Seattle

Eno Transportation Weekly

Like a Tweet, Go Directly to Jail? GAO Finds USDOT Social Media Violated Federal Law

December 15, 2017

Whatever low-level U.S. Department of Transportation employee manages their social media accounts was undoubtedly shocked earlier this year to find that just two clicks of a mouse could theoretically send them to federal prison for up to two years.

A new Government Accountability Office report alleges that whoever ran the USDOT Twitter account dedicated to air traffic control reform (@SmarterSkies) last July violated the Antideficiency Act when they clicked the “retweet” and “like” buttons beneath a tweet by publisher Steve Forbes urging support for an aviation reauthorization bill being pushed in the House by Transportation and Infrastructure chairman Bill Shuster (R-PA). Violations of the Antideficiency Act (ADA) are punishable by up to two years in prison (the text of the Act is now codified in title 31, United States Code – the rules are in sections 1341 and 1342 and the penalty is in section 1350). The ADA is one of the key means by which Congress controls its “power of the purse” and makes it a crime to use federal resources without budget authority or for purposes for which the use of budget authority is specifically prohibited.

(Ed. Note: Section 1350 says that in order to get jail time, you have to “knowingly and willfully” violate the Act, which almost certainly did not happen in this case. And GAO says that in the 146-year history of the ADA, no individual has ever been criminally prosecuted. Nevertheless, it’s the felonious nature of ADA violations that forces executive branch agencies to take ADA violations very seriously indeed. And the ADA was the underlying criminal act in some famous scandals, like Iran-Contra (using federal resources to arm the Nicaraguan rebels despite the fact that Congress had passed a law prohibiting the use of any federal appropriations for such purpose.))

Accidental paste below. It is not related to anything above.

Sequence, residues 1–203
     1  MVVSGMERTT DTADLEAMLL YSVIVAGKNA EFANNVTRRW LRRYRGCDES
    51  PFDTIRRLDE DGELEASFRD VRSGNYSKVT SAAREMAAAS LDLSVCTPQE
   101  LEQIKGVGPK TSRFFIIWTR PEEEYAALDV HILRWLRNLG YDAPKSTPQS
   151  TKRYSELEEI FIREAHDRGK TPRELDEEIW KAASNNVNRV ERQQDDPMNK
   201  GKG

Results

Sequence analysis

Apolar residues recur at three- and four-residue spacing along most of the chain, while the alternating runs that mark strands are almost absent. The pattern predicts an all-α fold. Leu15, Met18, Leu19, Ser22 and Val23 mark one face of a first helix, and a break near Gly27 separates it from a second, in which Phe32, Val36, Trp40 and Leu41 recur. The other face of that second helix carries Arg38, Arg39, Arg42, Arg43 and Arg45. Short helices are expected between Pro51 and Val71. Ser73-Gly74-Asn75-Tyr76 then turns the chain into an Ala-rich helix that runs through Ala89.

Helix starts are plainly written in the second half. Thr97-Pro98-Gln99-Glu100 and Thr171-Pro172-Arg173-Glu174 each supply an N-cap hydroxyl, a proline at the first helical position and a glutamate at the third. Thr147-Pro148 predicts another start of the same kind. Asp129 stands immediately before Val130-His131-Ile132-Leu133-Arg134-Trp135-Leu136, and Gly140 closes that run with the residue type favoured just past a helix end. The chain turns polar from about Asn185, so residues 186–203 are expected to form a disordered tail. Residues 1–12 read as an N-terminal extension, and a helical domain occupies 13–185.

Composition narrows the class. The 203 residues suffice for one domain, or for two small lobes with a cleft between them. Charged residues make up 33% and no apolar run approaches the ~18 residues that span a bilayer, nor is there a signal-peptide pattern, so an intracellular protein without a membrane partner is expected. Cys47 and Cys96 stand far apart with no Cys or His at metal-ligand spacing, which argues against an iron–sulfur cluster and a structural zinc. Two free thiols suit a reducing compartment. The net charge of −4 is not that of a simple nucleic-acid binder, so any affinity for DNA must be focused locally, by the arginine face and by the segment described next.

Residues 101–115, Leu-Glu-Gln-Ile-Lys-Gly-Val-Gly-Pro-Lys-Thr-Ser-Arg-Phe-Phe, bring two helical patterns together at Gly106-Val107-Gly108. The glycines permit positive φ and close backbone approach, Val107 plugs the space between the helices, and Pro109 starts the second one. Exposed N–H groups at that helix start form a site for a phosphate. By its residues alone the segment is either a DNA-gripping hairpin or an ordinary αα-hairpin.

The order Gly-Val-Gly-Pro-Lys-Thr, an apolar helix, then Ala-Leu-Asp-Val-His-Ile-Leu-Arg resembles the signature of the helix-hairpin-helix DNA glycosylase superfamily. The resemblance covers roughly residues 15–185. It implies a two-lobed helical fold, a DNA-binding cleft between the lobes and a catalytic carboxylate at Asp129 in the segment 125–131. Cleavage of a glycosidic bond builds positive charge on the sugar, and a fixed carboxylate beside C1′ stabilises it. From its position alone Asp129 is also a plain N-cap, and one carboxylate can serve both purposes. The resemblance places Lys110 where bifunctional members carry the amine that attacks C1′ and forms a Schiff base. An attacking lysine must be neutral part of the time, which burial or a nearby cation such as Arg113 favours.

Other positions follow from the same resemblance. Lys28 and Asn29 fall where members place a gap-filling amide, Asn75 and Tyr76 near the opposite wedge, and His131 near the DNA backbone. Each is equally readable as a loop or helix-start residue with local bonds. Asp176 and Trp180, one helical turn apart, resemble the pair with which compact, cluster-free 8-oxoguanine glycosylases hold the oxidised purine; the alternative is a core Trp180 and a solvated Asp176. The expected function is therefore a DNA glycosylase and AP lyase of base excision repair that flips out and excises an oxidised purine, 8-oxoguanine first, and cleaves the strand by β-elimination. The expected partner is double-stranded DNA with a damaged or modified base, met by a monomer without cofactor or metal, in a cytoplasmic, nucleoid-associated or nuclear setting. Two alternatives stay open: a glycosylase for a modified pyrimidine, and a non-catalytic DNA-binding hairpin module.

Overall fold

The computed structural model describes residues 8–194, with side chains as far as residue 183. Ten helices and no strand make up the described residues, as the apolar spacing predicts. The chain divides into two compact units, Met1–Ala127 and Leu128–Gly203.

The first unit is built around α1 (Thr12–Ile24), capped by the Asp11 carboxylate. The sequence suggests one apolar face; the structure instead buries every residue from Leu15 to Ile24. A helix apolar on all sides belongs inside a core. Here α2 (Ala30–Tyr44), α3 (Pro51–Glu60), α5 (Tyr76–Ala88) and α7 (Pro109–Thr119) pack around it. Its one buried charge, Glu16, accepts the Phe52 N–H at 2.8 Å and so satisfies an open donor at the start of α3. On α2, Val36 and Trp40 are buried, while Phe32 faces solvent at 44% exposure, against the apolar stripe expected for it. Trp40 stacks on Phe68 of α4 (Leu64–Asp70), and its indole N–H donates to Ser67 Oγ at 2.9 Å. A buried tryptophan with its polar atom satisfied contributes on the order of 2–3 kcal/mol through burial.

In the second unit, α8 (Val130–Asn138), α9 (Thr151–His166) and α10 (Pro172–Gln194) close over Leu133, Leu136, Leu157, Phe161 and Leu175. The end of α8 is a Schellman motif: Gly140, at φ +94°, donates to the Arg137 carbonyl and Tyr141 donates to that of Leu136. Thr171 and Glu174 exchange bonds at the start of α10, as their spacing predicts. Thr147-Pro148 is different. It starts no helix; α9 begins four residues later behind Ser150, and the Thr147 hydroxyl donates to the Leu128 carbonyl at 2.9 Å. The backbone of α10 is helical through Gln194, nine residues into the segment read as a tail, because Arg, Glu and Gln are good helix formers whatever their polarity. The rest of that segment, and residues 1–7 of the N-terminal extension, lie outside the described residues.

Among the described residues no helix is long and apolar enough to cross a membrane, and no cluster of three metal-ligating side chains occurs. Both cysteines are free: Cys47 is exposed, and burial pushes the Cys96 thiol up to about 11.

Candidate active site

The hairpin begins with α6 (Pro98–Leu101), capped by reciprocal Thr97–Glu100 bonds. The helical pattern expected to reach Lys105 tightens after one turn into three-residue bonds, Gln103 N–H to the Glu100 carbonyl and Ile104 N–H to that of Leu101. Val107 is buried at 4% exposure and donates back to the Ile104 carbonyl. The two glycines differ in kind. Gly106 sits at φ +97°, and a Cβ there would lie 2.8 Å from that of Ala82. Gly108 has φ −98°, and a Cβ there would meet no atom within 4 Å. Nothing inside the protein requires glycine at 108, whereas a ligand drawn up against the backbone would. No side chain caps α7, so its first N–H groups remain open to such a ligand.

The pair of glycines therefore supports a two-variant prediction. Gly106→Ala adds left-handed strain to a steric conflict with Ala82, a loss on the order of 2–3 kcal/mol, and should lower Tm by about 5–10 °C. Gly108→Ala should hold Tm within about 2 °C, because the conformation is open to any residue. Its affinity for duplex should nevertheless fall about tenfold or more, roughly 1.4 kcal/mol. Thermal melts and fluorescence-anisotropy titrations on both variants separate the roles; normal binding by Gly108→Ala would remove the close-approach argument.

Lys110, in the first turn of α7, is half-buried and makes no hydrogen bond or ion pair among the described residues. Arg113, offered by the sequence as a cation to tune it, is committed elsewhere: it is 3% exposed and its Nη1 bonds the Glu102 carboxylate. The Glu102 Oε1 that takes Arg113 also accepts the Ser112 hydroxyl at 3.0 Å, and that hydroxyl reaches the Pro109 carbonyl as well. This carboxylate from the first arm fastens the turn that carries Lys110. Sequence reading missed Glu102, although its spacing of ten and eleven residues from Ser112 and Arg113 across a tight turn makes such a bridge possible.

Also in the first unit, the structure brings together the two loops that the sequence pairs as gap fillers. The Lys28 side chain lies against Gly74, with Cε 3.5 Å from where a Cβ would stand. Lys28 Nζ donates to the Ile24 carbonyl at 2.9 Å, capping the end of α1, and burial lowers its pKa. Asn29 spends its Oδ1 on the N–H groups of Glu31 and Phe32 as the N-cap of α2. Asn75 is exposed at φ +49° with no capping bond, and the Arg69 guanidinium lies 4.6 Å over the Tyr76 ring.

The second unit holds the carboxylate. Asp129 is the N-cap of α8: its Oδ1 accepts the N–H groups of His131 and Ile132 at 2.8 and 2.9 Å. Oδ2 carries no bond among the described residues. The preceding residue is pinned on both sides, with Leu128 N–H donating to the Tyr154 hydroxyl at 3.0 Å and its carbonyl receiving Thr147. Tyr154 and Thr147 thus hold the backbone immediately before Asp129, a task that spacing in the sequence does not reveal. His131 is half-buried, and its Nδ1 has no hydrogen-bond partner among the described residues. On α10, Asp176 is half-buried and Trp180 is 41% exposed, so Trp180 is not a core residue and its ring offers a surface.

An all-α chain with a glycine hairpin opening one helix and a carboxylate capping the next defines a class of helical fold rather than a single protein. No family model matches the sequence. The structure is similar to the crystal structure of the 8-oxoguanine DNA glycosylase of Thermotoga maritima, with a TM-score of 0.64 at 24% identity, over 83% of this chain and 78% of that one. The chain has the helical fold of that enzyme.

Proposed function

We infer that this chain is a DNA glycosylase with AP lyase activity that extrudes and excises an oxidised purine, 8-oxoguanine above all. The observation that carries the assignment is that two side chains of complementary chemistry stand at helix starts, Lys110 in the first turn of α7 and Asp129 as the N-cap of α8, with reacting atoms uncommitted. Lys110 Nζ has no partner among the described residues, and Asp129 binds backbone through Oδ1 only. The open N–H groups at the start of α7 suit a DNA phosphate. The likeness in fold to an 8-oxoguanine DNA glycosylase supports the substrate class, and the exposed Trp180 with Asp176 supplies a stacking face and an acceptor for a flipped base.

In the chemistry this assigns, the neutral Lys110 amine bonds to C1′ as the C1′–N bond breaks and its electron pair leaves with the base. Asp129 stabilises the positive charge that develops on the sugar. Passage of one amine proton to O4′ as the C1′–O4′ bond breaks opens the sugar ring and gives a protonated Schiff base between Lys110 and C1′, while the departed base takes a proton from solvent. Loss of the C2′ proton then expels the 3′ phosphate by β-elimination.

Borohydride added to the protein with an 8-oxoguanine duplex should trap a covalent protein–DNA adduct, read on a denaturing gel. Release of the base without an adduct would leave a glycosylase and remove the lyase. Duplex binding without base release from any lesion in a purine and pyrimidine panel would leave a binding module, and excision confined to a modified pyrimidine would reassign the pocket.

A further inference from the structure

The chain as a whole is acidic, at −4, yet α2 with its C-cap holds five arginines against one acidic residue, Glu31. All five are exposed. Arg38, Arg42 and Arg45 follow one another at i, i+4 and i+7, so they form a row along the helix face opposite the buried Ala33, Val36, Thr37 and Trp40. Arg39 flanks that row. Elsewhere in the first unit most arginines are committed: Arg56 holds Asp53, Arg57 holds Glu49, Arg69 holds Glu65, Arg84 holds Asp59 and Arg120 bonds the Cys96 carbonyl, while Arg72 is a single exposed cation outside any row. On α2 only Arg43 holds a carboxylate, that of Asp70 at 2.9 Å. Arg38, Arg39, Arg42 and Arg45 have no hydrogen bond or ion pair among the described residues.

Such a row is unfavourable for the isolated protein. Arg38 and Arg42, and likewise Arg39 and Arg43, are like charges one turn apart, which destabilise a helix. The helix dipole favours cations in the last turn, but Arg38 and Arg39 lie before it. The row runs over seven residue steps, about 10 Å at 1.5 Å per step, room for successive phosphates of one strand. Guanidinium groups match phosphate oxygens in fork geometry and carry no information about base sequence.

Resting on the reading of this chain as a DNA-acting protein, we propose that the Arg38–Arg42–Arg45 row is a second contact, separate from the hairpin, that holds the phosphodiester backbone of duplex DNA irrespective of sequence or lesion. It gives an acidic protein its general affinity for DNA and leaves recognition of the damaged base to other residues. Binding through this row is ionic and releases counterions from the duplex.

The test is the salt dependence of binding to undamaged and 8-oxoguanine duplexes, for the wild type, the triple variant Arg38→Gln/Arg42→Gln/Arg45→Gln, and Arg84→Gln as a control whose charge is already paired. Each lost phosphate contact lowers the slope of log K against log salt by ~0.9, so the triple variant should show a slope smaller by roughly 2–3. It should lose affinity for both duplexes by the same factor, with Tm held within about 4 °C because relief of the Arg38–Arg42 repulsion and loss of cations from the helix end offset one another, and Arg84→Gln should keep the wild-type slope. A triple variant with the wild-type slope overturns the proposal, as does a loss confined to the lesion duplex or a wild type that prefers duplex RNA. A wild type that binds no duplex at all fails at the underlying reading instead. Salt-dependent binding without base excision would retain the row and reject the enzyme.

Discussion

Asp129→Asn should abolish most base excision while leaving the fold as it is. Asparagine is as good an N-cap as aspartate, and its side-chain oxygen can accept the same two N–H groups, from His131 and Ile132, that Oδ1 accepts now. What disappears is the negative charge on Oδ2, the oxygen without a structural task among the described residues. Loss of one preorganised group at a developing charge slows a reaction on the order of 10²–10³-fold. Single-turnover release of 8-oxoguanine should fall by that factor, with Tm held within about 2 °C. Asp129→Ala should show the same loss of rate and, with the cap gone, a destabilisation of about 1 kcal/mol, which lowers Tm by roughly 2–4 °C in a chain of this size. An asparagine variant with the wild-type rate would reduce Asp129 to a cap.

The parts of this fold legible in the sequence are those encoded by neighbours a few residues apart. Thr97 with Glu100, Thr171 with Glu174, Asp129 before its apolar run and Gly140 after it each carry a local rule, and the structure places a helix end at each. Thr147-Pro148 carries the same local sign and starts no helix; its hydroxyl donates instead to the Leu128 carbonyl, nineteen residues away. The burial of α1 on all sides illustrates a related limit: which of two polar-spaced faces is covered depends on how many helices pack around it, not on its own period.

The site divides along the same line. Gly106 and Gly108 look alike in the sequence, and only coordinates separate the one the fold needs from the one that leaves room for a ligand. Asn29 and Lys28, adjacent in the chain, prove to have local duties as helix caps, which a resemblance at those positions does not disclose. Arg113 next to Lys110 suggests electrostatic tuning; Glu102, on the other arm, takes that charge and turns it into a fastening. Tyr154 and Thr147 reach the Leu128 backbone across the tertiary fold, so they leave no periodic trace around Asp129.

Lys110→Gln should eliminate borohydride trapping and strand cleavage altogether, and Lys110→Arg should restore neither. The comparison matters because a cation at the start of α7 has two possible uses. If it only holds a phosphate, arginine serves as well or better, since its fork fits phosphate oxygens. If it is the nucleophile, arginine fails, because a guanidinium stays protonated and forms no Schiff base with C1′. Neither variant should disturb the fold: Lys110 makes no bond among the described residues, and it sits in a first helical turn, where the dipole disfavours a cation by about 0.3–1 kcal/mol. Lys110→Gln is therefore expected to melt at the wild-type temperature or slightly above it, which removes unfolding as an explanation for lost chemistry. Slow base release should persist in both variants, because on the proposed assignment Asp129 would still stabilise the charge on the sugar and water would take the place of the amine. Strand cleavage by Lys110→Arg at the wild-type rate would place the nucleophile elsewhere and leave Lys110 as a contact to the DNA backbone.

Facts:

  • On July 12, 2017, whoever at USDOT ran the @SmarterSkies account retweeted and liked a tweet from @SteveForbesCEO urging individuals to “tell Congress to pass” the Shuster FAA bill.
  • The tweet contained a link to a website which “contained data fields for individuals to enter their contact information to send an auto-generated email to their Members of Congress.”
  • An appropriations proviso contained in each year’s General Government Appropriations Act and which, for fiscal 2017, was found in section 715 of the Financial Services and General Government division of the omnibus appropriations act (statute page 380) prevents any appropriations in fiscal 2017 from being used “by an agency of the executive branch, other than for normal and recognized executive-legislative relationships, for publicity or propaganda purposes, and for the preparation, distribution or use of any kit, pamphlet, booklet, publication, radio, television, or film presentation designed to support or defeat legislation pending before the Congress, except in presentation to the Congress itself.”